Then again, the Mariners' third baseman has tried the cerebral approach before. It did nothing but clutter his mind, frustrate him to no end and, ultimately, account for many of his struggles in the first year and a half after he signed that whopping five-year, $64 million contract before the 2005 season.
"I was trying to do too much, trying to work too much on mechanical stuff, do too many things at the plate," Beltre said. "You get frustrated. You know you can do better. It gets to be too much. Finally, I got to the point where you say, 'whatever.' In the second half, I just let it go."
Letting go never felt quite so good, as Beltre showed flashes of the stroke that propelled him to one of the greatest seasons ever by a third baseman in 2004. That year -- as a Los Angeles Dodger -- he hit .334 with 48 home runs and drove in 121 runs.
"He was the guy we counted on that year," said Seattle pitcher Jeff Weaver, who played with Beltre in Los Angeles. "He was the toughest out I've seen in a while. If there was a runner in scoring position [with Beltre at bat], we counted on it coming in. For a season, that was pretty impressive. You haven't seen too many better than that."
The Mariners certainly hope that Beltre, who is entering his third season in Seattle, can replicate the production he had with the Dodgers in 2004 or, at the very least, the kind of success he had at the plate in the second half of last season, when he hit 31 points higher (.283) than the first half with 18 of his 25 home runs and 54 of his 89 RBIs coming after the All-Star break.
There are enough indications that something went dramatically better for Beltre in the second half of the season. What's not so easy to figure out is what caused such a giant change for a guy who on April 30 was lugging around a .189 batting average.
"Specifically, I can't really remember what we did," Mariners hitting coach Jeff Pentland said when asked if he had made any major mechanical changes in Beltre's swing.
What is certain is Beltre has raised the bar of expectations for the 2007 season. His team needs his run-producing bat, and not just after the All-Star break. No, that won't cut it for a team that was shut out 15 times last season, the most in the Major Leagues.
"I know what we expect, and the expectation is we'll see the Adrian Beltre that shows up this year is the one that finished the last half of the season," said Mariners manager Mike Hargrove. "That's the one we need. That's the expectation."
It's not like this will be the first time that lofty expectations have been placed squarely on the shoulders of the 27-year-old Beltre, who first broke into the Major Leagues as a 19-year-old with the Dodgers in 1998.
The Mariners handed him the largest contract in club history in December 2004 after a season in which he finished second to Barry Bonds in the race for National League Most Valuable Player.
But Beltre couldn't replicate his success in Los Angeles, as he hit just .255 with 19 home runs -- his fewest since the 2001 -- and 87 RBIs. Many speculated Beltre was pressing too hard to justify his contract or was simply slow to adjust onto American League pitchers.
"I think that's an excuse, even though sometimes it's difficult for you because there's a lot of pitchers you haven't seen," Beltre said. "When you're going good, it doesn't matter who is pitching. I can't use that as an excuse."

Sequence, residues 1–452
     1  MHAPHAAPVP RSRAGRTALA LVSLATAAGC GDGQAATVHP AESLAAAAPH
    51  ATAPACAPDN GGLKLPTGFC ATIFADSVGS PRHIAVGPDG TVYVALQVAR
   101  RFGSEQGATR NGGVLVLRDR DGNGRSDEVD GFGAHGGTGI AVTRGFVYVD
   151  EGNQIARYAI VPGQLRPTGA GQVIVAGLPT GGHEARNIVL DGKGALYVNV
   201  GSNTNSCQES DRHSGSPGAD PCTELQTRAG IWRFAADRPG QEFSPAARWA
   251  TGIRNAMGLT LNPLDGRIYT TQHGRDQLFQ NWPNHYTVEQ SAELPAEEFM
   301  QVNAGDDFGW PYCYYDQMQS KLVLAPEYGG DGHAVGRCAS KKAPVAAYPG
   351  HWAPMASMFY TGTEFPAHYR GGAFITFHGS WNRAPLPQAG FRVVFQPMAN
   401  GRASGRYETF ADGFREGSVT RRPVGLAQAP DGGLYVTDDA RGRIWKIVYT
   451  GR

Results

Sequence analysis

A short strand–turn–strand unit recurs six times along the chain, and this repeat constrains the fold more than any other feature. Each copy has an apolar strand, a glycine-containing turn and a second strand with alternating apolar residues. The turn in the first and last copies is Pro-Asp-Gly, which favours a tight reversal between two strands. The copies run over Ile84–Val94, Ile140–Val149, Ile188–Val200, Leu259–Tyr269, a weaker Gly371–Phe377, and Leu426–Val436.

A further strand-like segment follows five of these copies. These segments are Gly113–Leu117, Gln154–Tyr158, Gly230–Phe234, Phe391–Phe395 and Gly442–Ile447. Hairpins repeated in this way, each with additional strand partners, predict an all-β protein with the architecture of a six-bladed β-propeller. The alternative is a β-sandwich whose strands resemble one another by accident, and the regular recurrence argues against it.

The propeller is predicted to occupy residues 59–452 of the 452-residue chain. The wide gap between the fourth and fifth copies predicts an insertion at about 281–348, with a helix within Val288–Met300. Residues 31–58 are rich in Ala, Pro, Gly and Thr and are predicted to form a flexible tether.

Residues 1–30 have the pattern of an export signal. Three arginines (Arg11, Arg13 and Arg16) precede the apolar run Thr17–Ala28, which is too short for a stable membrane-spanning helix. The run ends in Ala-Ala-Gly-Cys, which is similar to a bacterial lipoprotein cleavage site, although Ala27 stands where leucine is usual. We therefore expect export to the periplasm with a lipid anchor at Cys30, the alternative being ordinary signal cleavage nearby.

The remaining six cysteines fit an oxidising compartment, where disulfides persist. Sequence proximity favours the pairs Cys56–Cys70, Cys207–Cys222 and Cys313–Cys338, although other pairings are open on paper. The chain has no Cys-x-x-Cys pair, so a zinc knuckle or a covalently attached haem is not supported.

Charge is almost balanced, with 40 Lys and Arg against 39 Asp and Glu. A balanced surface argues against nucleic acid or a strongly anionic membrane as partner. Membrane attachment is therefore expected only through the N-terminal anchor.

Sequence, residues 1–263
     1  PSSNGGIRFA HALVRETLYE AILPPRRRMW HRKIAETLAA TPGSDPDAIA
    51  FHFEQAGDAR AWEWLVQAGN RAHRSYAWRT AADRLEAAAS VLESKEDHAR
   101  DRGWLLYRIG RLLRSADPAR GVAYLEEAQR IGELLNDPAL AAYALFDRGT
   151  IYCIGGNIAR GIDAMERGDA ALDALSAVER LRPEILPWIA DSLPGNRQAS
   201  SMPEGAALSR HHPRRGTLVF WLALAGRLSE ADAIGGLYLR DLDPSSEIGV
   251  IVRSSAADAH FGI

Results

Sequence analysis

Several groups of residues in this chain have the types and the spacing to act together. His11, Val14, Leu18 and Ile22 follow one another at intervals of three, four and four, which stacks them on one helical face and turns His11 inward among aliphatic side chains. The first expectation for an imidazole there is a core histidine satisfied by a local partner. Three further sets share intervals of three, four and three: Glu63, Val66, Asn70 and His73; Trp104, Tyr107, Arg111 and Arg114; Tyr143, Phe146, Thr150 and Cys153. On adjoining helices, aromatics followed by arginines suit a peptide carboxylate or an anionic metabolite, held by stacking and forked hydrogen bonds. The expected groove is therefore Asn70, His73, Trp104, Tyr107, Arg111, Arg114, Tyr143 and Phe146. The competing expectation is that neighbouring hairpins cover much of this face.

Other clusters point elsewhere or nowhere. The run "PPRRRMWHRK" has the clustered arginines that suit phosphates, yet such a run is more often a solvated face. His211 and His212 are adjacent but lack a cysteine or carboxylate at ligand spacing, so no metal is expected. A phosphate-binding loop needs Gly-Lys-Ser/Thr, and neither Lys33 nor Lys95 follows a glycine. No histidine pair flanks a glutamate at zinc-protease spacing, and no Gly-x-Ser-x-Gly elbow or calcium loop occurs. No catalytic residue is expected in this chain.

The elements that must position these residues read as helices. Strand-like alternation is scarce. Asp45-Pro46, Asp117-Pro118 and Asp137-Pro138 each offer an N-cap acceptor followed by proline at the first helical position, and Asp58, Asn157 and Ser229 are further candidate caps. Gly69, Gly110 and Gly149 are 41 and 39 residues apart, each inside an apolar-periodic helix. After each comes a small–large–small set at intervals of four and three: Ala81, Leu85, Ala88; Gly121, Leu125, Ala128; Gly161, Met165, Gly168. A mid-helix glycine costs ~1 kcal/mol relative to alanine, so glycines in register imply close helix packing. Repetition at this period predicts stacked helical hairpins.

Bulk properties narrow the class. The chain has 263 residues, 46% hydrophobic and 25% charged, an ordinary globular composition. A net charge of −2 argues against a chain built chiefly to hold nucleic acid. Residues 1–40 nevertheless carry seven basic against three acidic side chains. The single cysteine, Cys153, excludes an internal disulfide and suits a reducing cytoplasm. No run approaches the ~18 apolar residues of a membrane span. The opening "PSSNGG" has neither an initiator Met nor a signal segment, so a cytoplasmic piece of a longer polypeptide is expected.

Beltre certainly didn't need any excuses for his second-half performance. It actually started much earlier than that, when Hargrove moved Beltre's slumping bat from sixth to second in the batting order behind Ichiro Suzuki on May 30.
The move was made hoping Beltre would get to look at a different set of pitches. It was also made so that he would cut down on his prodigious swing, which often caught more air than ball.
Beltre hit .324 in June, his highest monthly average for the season, with five home runs. He would hit seven more home runs in August and nine in 25 games in September. For the first time since coming to Seattle, he was using the whole field and driving the ball the opposite way consistently. Better still, he was laying off pitches away, the ones that he often chased haphazardly.
"Maybe I cut my swing a little better, maybe it helped to have Raul [Ibanez] behind me," he said. "I can't put a finger on why it happened. You get so frustrated to the point that you know you can do better. You try so many things that at the time don't work, put my hands here or put my feet there."
Pentland said a few minor adjustments helped Beltre, as did the ability to clear his ahead and keep things simple. As far as he sees it, the second half was just the starting point for what Beltre is capable of. He might not ever approach those gaudy statistics he compiled in 2004, but there's no reason to think he can't hit 30 home runs and drive in 100 runs.
"Instead of swinging harder, we pulled him back and concentrated more on squaring the ball up and hitting it solid," Pentland said. "We wanted to get some of the lift out of his swing and create a little more balance with his body. Now the key is we want to build on what we did in the second half."
The groundwork for a big season, Pentland said, starts here in Peoria in Spring Training.
"I told him Spring Training is a big time for him," Pentland said. "It sets the tone for what you're going to do during the season."
Corey Brock is a reporter for MLB.com. This story was not subject to the approval of Major League Baseball or its clubs.